My Story: The College Question
contributed by Connie Stone
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I am all for going to college. I already have a bachelor's degree, and currently, I am working on a certificate from a local technical college. My parents wanted me to go to college as well. However, they did not feel the need to pay for it. Now that I have children of my own whom I am trying to teach how to handle money wisely, I wonder if my parents were on to something.
My father said that I would appreciate it more if I had to pay for it. Of course, you could argue that the first time I went was over 20 years ago and things are more expensive now. But my first summer job only paid $2 an hour. My folks encouraged me to save every penny that I could. My mother kept telling me to quit worrying so much about clothes. As long as I was clean and decent, what difference did it make? Well, to a I-want-to-be-like-everyone-else-teenager, it made a lot of difference. She kept telling me that my education was more important in life than having the latest fashions and kept encouraging me to focus on my goal.
My parents contributed to my college education by seeing that I had transportation to and from my summer job. (This does not mean that I had my own car.) They gave me room and board when I wasn't in school. They drove me to school where I lived in a dorm and ate in the college cafeteria. They picked me up any weekend I wanted to come home and for holidays and summer vacation. They bought a lot of my clothes.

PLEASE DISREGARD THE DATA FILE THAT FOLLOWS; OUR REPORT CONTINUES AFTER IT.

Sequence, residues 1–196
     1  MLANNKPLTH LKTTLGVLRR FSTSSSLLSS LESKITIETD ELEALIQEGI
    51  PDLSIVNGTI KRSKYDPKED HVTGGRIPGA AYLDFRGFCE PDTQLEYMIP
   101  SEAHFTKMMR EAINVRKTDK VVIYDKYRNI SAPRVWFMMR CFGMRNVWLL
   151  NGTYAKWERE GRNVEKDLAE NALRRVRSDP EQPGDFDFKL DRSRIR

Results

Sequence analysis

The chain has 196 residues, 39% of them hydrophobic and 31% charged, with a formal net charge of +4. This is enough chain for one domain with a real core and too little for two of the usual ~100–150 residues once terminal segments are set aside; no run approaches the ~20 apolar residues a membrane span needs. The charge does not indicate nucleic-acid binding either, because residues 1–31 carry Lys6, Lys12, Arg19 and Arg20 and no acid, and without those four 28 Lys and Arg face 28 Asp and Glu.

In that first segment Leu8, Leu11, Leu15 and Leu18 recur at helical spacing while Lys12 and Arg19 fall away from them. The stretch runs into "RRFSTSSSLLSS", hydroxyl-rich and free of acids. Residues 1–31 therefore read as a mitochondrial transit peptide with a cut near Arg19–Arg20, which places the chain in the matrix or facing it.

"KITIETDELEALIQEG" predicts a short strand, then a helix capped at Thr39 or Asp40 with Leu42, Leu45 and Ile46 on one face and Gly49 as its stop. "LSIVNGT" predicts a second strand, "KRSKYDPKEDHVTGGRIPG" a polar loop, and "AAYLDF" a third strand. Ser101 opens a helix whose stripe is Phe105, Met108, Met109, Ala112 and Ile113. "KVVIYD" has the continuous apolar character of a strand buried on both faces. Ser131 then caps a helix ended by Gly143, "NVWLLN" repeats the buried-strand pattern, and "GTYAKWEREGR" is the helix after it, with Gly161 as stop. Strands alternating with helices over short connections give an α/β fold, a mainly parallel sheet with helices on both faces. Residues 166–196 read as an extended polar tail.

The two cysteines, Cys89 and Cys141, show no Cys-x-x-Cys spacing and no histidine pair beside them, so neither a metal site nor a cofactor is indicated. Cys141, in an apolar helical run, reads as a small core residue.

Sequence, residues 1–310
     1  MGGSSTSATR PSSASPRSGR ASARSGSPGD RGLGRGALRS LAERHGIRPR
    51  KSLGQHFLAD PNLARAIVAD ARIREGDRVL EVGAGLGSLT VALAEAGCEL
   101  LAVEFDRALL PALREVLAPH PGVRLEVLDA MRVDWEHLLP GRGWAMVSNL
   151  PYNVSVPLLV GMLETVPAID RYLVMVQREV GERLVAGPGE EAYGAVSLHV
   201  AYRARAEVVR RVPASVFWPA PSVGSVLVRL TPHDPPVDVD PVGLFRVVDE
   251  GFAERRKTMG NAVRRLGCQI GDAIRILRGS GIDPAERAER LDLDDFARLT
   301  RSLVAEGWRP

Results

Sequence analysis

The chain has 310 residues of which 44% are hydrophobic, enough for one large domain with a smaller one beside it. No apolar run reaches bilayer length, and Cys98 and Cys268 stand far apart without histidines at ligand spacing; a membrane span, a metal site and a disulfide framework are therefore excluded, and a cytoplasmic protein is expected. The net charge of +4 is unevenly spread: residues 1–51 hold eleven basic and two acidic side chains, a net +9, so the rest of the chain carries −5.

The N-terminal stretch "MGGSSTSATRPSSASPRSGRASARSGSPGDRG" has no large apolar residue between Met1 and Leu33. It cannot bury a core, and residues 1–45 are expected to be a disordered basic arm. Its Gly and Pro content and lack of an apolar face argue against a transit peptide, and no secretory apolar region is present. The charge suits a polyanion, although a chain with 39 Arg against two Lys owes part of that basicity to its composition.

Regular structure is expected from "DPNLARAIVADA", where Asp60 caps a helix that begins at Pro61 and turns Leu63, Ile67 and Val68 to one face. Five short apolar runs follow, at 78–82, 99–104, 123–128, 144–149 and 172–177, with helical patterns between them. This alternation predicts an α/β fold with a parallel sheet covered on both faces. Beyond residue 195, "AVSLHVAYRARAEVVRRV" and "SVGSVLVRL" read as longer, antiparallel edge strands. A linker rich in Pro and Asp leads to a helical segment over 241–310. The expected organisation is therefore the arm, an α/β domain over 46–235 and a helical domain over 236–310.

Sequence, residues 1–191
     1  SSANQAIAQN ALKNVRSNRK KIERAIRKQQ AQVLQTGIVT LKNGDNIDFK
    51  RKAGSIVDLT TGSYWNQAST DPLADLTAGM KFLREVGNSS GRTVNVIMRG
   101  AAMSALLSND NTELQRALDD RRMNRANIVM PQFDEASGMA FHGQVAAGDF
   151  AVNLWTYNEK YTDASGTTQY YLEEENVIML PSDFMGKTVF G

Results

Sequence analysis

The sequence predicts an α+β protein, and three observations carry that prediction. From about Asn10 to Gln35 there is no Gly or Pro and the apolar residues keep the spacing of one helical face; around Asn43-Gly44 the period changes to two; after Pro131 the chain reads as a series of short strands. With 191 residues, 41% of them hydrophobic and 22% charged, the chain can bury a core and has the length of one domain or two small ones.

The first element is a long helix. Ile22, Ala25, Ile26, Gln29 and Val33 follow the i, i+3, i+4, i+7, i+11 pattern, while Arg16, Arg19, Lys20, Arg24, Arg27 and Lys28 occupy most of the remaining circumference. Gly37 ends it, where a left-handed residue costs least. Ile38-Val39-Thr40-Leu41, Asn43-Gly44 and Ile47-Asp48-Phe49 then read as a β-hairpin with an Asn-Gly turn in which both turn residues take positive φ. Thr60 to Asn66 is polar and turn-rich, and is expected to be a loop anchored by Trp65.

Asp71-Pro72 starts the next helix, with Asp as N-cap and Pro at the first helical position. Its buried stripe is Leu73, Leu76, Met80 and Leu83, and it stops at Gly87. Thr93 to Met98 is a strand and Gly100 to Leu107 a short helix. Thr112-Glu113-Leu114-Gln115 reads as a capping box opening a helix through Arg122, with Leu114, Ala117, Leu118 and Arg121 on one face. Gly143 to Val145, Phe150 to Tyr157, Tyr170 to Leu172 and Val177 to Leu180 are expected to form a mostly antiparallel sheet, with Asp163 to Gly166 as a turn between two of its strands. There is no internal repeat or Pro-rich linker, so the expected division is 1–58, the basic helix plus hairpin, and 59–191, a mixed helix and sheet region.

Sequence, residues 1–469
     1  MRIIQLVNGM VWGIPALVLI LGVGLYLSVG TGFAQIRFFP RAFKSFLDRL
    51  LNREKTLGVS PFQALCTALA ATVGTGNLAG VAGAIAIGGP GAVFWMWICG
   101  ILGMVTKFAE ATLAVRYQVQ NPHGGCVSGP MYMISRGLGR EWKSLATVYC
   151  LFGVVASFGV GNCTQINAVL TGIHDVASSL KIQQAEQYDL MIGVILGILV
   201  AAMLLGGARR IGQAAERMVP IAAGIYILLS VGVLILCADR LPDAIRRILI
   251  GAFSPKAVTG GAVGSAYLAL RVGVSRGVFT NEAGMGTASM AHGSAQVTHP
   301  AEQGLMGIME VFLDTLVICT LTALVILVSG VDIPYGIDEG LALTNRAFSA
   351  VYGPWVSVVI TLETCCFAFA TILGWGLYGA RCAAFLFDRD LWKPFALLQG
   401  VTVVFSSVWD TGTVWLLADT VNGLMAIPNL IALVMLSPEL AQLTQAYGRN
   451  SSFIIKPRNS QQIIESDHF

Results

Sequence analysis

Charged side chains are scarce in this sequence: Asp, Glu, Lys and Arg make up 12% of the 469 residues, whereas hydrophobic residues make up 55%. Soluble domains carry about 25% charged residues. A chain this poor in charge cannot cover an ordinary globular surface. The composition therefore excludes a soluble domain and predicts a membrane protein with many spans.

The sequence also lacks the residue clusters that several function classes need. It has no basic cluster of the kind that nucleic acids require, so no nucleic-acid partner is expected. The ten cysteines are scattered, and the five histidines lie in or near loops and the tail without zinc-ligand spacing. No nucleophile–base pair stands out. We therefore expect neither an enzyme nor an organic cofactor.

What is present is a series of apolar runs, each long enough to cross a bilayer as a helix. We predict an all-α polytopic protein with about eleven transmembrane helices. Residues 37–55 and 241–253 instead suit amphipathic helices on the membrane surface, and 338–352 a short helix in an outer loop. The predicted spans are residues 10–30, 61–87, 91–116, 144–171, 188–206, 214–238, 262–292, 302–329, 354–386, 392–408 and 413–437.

They also gave me $20 "spending" money each month, out of which I had to do my laundry. They didn't think that I needed a lot of spending money since all my basic needs were covered (food, clothing, shelter). I soon learned to walk to a nearby grocery store to purchase any personal items that I ran out of because it was less expensive than buying them at the school store. I worked part-time in the college cafeteria to earn extra money during the school year.
Still, I ran out of money during my junior year. My parents didn't want me to quit school and go back later. They didn't want me to take out a loan either. (I didn't qualify for a grant, and because my grades were average, I felt that I wouldn't get a scholarship.) Finally, they decided to lend me the money I needed to finish school, and I agreed to pay them back, which I did over a period of time after I started working. (I only had to pay back the amount that I borrowed.)
Now I realize that my father was right. Over the years, I have seen many young people whose parents not only pay their tuition but also give them cars, phones, computers, etc., as well as spending money. Many do not do their best work as a result. I found that I was less likely to goof off when it was my hard-earned money being wasted instead of my parents'. I learned a lot more than what was taught in class from this experience, which I hope to pass on to my own children one day. Thanks Mom and Dad!
"My Story" is a regular feature of The Dollar Stretcher. If you have a story that could help save time or money please send it to MyStory@stretcher.com
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